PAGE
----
Steven Kay, secretary of the Criminal Bar Association, described the judge's decision to lift a ban on releasing the transcript of Keith Hall's confession as an extremely rare step.
'It (the tape) wasn't heard during court proceedings because it was not held to be admissible or reliable and he (the judge) is now putting it into the public domain,' Mr Kay said.
Michael Kalisher QC said juries regularly hear evidence from undercover police. 'There are plenty of cases where evidence is given by undercover police officers who, let's say, get involved in a drugs deal.'
But Mr Kalisher said that judges have to be particularly careful considering the admissibility of alleged confessions, especially because of several recent Court of Appeal cases in which convictions were quashed after confessions obtained by police were called into question.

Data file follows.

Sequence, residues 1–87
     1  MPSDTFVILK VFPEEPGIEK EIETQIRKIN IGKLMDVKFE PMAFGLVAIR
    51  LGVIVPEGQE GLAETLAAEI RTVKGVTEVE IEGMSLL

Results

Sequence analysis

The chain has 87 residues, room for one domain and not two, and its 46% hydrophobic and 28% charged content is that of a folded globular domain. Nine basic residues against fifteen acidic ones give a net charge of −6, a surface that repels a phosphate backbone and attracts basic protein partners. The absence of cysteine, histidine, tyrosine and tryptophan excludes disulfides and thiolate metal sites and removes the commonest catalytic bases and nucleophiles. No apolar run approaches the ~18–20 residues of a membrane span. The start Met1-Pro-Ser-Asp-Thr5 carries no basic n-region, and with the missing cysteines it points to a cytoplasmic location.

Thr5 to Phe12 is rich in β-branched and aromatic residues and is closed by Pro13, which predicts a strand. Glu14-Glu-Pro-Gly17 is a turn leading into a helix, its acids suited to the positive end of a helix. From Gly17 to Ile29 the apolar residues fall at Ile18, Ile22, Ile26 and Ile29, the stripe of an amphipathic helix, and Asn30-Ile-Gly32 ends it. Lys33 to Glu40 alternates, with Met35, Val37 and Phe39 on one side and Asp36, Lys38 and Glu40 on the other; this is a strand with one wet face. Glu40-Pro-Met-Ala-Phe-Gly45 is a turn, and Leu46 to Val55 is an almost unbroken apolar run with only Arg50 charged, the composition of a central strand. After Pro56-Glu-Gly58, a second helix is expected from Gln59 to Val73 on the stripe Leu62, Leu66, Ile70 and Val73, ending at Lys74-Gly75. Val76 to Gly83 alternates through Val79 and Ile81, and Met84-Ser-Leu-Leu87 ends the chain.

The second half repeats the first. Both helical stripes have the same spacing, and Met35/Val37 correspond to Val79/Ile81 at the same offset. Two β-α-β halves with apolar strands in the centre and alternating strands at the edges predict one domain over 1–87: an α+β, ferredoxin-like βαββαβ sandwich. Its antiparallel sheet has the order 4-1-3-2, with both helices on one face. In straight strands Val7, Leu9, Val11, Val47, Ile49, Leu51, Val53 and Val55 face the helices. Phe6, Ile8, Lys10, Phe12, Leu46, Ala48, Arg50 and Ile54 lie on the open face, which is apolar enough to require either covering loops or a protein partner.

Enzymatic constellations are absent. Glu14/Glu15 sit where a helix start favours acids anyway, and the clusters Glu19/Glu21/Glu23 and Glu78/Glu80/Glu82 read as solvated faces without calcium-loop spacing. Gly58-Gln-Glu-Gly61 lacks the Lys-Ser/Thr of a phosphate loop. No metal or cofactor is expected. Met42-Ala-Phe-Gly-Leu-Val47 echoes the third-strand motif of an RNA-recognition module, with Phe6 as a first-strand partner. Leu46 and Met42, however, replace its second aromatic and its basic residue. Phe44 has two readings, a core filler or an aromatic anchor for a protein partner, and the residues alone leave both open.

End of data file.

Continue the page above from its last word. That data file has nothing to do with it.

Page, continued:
Possible motives for releasing the tape might include an implied criticism of the restrictions imposed on police officers by the Police and Criminal Evidence Act, which obliges officers to caution suspects before they make a taped confession.
Helena Kennedy QC, a leading criminal lawyer, said: 'I hope that this action is not seeking to comment on some supposed flaws in the Police and Criminal Evidence Act. I personally believe it is working well and that, if judges believe to the contrary, they should restrict themselves to discussing it within the professional brotherhood.'
She said that it was important in a democratic society that the police adhere to strict rules about obtaining confessions.